It’s Thursday, April 2. The White House will reportedly advise all Americans to wear face coverings in public to slow the spread of the coronavirus.
In today’s newsletter: The economy is toast, but it didn’t have to be like this, our economics reporter argues. Plus: The unique threat the coronavirus poses to southern states.
(Katie Martin / The Atlantic)
There goes the economy.
Remember when the White House was toying with the idea of reopening the economy by Easter, in a little over a week?
After the jaw-dropping mortality estimates this week, the U.S. government’s official position has moved toward keeping society—and the economy—shut down for at least another month.
As my colleagues have reported before, the economic devastation is still building, but we now have a better data on what the crisis looks like. Nearly 10 million Americans have filed for unemployment in the last two weeks, new figures out today are showing.
But it didn’t have to be this way, my colleague Derek Thompson writes, and Congress can still act, despite the fact that the U.S. is “accelerating toward an economic and human disaster unlike anything recorded in American history.”
The U.S. economic rescue package implicitly encourages layoffs and increases spending on the unemployed. Jobless benefits have been expanded, and many households will receive one-time payments of $1,200 per adult—plus $500 per child.
Strengthening our jobless benefit programs in this way was necessary to keep families from starving, given the inevitability of historic layoffs. But had the U.S. reacted swiftly and creatively to the prospect of a historic sudden-stop recession, this level of layoffs would not have been inevitable. We could have paid workers a living wage to stay with their companies. Instead, companies are firing workers en masse, and we’re scrambling to pay them a living wage anyway.
It’s too late to stop these layoffs, but the federal government can soften the economic blow by expanding its messaging to companies about the $300 billion loan program it launched last week, and then funnel more money into it:
The message should be: You have a patriotic and moral duty to hold on to your workers during this national crisis, and the government has a patriotic and moral duty to pay you to do it.
Here are four rules we should be operating by, Derek also writes. The first? That saving the economy should be pitted against saving lives is a false choice.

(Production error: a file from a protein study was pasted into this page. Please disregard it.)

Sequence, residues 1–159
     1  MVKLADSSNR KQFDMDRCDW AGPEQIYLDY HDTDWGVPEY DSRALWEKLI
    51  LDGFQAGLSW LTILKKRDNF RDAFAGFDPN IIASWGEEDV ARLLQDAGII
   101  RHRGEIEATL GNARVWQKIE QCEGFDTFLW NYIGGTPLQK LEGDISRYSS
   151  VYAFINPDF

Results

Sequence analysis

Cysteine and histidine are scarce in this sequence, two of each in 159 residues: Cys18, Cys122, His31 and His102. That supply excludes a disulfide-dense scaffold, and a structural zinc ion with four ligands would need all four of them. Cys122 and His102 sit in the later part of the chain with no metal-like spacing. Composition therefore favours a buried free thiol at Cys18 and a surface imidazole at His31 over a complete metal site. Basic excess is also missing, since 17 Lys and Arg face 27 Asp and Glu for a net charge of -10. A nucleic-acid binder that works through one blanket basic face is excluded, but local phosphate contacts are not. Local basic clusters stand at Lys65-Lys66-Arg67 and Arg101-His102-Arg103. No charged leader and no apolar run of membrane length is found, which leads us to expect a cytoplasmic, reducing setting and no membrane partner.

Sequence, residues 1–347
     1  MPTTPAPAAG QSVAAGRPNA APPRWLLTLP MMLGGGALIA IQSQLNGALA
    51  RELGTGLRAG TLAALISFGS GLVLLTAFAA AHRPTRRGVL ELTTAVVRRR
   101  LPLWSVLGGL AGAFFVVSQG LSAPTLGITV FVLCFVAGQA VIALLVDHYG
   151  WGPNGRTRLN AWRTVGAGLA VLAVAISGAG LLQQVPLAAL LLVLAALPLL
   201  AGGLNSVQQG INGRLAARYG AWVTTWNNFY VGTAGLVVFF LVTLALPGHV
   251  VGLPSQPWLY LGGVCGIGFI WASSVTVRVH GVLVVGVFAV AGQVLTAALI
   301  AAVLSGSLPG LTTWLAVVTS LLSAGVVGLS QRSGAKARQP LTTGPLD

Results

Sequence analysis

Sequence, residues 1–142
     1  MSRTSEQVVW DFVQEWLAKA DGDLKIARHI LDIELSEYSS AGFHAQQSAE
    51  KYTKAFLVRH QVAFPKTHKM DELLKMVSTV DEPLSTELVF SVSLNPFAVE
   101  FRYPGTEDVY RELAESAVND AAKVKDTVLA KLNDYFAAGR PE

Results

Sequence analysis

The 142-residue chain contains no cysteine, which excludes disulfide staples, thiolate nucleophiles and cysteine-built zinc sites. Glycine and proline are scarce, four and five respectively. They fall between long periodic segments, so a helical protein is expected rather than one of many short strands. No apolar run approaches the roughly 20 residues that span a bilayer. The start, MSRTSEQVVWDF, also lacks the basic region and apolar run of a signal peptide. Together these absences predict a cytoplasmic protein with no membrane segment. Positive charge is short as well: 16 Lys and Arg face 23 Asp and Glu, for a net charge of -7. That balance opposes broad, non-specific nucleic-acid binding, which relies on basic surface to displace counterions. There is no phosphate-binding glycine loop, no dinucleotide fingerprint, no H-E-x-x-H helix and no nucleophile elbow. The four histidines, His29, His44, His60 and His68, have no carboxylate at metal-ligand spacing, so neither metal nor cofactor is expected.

Moreover, it’s foolish to begin thinking about reopening the economy when the cities that fuel the economy remain under a vicious COVID-19 siege, our political analyst Ron Brownstein writes:
In interviews with me this week, the mayors of several of those big cities told me that it will take much longer than a few weeks to restart their economy—and that even when economic activity resumes, the process will be gradual and halting.
Politics Daily readers: Are you applying for an emergency small-business loan, or know someone who is? Our economics reporters would like to hear about the experience.
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+ The White House said it estimated anywhere from 100,000 to 240,000 people to die from COVID-19 in the U.S. The debate rages on over whether the official estimates are correct. But that’s the wrong way to be understanding these models. Epidemiological models are not meant to be “right” or “wrong,” Zeynep Tufekci aruges.
+ The coronavirus is advancing on the American South: So far, about one in 10 deaths in the U.S. from COVID-19 has occurred in the four-state arc of Louisiana, Mississippi, Alabama, and Georgia, according to data assembled by the COVID Tracking Project. And more young people are dying, Vann R. Newkirk II writes.
+ Closing schools and restaurants, shutting down public spaces, and postponing events was the easiest part of states’ responses to the coronavirus, one former DHS official argues. There are a range of ugly decisions forthcoming (think, for instance, “which crimes to investigate”).
You can keep up with The Atlantic’s most crucial coronavirus coverage here.
Today’s newsletter was written by Christian Paz, a Politics fellow. It was edited by Shan Wang, who oversees newsletters.
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